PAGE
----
Restructuring ERP for business success

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Executives are frustrated because they cannot get the information they require from the costly investments made in enterprise resource planning (ERP) and business intelligence (BI).

This is according to Dr James Robertson, founder and CEO of IT strategy solutions company, JAR&A.

“Recently, the CEO of a very large corporation, in Johannesburg, rated his executive information systems at three out of 10 (0 = non-existent) and told me he would rate them at one out of 10 if it were not for the fact that he had excellent staff that provided him with the information he needed,” Robertson says.

“Business process has often been seen as the most important thing in ERP implementations,” he adds.

The term ERP has replaced what was called management information systems (MIS), Robertson says.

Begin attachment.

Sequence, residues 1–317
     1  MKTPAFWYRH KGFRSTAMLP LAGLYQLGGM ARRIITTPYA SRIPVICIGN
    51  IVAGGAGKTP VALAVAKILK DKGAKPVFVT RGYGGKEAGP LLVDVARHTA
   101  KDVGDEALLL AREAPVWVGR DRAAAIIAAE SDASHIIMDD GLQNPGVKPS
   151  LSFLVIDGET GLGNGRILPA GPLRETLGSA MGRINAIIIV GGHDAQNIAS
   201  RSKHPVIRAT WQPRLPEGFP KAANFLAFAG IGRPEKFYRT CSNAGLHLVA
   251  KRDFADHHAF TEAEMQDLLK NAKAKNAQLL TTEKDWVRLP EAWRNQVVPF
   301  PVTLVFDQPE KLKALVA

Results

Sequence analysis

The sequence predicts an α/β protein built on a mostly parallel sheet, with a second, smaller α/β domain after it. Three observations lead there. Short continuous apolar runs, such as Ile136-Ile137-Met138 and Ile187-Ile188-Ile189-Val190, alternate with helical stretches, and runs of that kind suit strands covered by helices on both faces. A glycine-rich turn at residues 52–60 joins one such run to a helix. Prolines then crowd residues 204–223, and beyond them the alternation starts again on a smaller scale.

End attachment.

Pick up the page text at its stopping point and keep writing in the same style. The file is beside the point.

Management information frequently does not happen, he notes. A survey by Gartner a few years ago suggested that most organisations are not making better decisions now than they did five years ago, he points out.

Robertson further explains that the term MIS is no longer used because surveys report high levels of satisfaction with ERP.

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This occurs because, if businesses implement an ERP system and expect it to improve management and executive information and decision support, there is a likelihood that frustration will be experienced, he says. However, had the system been put in place to manage workflows, the likelihood is that organisations may be reasonably satisfied, even if the costs are higher, he argues.

However, there is light at the end of the tunnel, Robertson says. If organisations want to get value out of ERP, then strategic precision taxonomies (SEPT) can be used, he says. This leads to precision configuration, which in turn leads to major overhauls for ERP, BI and data warehousing investment in order to support information delivery, he concludes.

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